During the course of the year, we will be writing a series of articles to address how companies can improve their warehouse efficiencies.
These articles are based on “real world” experiences our consultants have gained performing numerous implementations and from the publishers
of the warehouse management solutions we implement.
These articles will provide you with a warehouse technology and process selection roadmap, giving SMB (Small & Medium Business) distributors
insight into initial investments that are affordable. Additionally, it outlines an upgrade path with incremental investments that result in greater
operational sophistication and savings.
Analysts predicted double-digit growth in the SMB warehouse management software market-space through 2005. Not only has the growth rate been sustained
but even more growth has been fostered by FDA compliance (cradle to grave lot tracking) introduced in June 2006. The growth rate is forecasted to
continue on the upswing in 2007. SMB warehouses who do not offer automation software, ASN compliance, and instant perpetual inventory reporting
are being forced to look at software solutions to stay competitive in the market place.
This growth can be attributed to several market driving catalysts:
- Tier-one market saturation
- The commoditization of wireless technologies and PDA devices
- The .NET evolution and the development of open inter-software communications standards
- The availability of low-cost reliable database software
- Major retail’s pursuit of RFID to replace the barcode in warehousing, distribution and stores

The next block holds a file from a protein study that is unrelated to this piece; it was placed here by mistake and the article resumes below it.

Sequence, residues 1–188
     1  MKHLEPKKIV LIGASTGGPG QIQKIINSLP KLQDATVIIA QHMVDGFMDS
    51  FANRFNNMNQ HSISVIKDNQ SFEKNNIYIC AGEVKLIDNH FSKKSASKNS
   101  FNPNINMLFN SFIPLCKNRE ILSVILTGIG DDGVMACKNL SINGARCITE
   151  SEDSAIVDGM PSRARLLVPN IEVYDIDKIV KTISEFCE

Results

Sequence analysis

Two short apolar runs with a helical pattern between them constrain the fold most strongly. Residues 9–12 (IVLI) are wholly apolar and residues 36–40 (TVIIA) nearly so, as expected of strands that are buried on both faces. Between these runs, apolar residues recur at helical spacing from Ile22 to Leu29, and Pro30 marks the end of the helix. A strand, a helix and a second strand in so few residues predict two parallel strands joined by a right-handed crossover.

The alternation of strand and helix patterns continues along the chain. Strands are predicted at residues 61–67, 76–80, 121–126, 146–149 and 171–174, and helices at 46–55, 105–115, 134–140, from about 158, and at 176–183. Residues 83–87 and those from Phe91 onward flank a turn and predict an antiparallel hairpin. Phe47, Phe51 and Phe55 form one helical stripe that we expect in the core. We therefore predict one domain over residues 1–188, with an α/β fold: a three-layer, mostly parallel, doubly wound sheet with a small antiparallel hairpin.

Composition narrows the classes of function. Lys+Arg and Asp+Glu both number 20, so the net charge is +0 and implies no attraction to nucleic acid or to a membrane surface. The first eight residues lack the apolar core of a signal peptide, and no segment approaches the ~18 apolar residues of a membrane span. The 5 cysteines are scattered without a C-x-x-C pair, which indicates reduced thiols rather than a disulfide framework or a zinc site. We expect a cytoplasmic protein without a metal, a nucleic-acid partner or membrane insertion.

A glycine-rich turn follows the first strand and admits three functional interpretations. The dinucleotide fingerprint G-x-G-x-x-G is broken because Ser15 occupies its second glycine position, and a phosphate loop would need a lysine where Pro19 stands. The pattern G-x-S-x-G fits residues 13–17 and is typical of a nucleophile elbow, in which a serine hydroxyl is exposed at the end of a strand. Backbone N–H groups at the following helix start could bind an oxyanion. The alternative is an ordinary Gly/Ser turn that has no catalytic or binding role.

- Lower total cost of ownership
Tier-one Market Saturation – The Fortune 1000 have all purchased WMS applications. Technology vendors are now focusing on delivering scaled
down solutions to the mid-market.
Commoditization of Wireless and PDA devices – Consumer adoption of the wireless 802.11b/g standard has shifted the industrial market for wireless
technologies into the mainstream. The same holds true with PDA devices. Many companies are currently using wireless PDA type devices connected to
their local area networks to bring real-time computing and increased productivity to the workplace. Industrial wireless PDA devices for warehousing
and distribution differ from their consumer grade counterparts to accommodate requirements for improved battery management, integrated barcode scanners,
durability and easy keyboard input.
The .NET Evolution – Installing “bolt-on” warehouse solutions to standard business applications is now cost-effective, more
user friendly and is a common occurrence due to the evolution of interface standards. They have allowed developers to focus more energy and time
on developing complementary features and functions.
Reliable Database Software – Mission critical applications like warehouse software can now be implemented on cost effective, “safe”
database platforms. Applications like Microsoft SQL have outpaced rivals DB2 and Oracle in the SMB market because of low cost of ownership, robustness
of architecture, low-cost hardware platform, security and up-time. Microsoft SQL can now be installed with Small Business Server in under twenty
minutes and runs effectively without a database administrator.
The Wal-Mart effect – Major retail is driving vendors to comply with technologies like barcode and RFID to reduce supply chain costs. Barcodes